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CRAY RESEARCH JOINS PARTNERSHIP FOR THE AMERICA'S CUP TECHNOLOGY

 CRAY RESEARCH JOINS PARTNERSHIP FOR THE AMERICA'S CUP TECHNOLOGY
 Firm Provides Supercomputing Time, Financial Support
 to Help U.S. In '92 America's Cup Defense
 EAGAN, Minn., March 3 /PRNewswire/ -- Cray Research, Inc. (NYSE: CYR), has become a corporate partner of the Partnership for America's Cup Technology (PACT), a joint effort to develop basic technology to aid American syndicates in the 1992 America's Cup defense, the Eagan-based supercomputer manufacturer announced today. Other PACT corporate partners include Boeing Corporation, IBM, and Science Applications International Corporation (SAIC), the founding organization of PACT.
 "To all countries involved, the America's Cup competition has become an issue of national pride," said John Rollwagen, Cray Research chairman and chief executive officer. "PACT, with the support of leading-edge U.S. corporations, is an excellent example of American industry working together and investing in technologies for today, as well as the future."
 Cray Research has participated in America's Cup yacht design in the past. Computations for the revolutionary design of the Stars and Stripes, the 1987 America's Cup winner sailed by Dennis Conner, were performed on a Cray Research supercomputer.
 In support of the 1992 competition, last August the company loaned equipment to provide additional capabilities in Boeing Computer Services' CRAY Y-MP system. This additional capability is devoted exclusively to PACT research through the '92 final races, held this May, and is being used to develop and advance computational fluid dynamics (CFD) codes for use in yacht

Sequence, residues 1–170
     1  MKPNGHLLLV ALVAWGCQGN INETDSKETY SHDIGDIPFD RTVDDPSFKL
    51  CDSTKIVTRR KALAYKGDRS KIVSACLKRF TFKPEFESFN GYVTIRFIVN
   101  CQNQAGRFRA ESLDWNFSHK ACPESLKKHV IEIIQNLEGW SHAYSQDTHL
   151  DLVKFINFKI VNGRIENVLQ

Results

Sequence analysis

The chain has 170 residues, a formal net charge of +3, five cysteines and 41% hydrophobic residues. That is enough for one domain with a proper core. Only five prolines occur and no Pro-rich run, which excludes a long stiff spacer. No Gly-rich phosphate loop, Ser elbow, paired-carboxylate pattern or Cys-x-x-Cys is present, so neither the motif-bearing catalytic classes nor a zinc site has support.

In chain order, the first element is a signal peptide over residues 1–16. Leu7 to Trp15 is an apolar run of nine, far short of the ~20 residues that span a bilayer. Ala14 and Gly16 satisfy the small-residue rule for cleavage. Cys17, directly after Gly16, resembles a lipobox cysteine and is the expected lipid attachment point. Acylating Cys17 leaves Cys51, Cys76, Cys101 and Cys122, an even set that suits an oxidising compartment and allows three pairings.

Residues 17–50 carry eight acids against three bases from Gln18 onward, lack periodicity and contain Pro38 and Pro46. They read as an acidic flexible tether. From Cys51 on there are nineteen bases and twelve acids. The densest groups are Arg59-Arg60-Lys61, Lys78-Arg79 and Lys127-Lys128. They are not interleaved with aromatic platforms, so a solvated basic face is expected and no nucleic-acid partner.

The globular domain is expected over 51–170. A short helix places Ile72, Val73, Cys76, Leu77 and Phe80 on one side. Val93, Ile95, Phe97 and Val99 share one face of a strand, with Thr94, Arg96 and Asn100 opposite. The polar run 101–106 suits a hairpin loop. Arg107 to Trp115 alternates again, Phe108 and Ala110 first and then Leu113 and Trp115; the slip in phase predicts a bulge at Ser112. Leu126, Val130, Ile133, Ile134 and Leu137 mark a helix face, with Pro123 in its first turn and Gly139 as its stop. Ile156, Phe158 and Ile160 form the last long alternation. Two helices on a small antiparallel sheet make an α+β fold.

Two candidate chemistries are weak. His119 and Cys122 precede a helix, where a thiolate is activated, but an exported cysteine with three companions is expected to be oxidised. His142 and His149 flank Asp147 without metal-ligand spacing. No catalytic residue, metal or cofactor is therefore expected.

design. PACT, in conjunction with a team of researchers at Boeing, uses the Cray Research-loaned CPUs to adapt CFD codes for application to the design of the new International
America's Cup Class (IACC) sailboats. The Boeing team's specific focus is keel design, as optimal keel design is integral to the speed of the boat.
 "Water behaves very much like air," said Ed Tinoco, associate technical fellow and technical leader of the Boeing team supporting PACT. "As such, we have found that using CFD analysis -- much of which requires the power of a Cray Research supercomputer -- allows yacht designers to approach their design problems similar to how we approach an aircraft design problem."
 Tinoco noted that the payoffs in applying this technology can be significant. "If we determine a design that allows for a one percent reduction in drag, this can amount to an annual fuel-cost savings of tens of thousands of dollars per aircraft for an airline company. And a one percent reduction in drag for the America's Cup is clearly the difference between victory and defeat."
 Two additional teams -- one at South Bay Simulations, Babylon, NY, and another at SAIC in San Diego -- are conducting similar CFD code work using
donated CRAY Y-MP supercomputing time from Cray Research. These two teams will focus on calculating boat hull drag.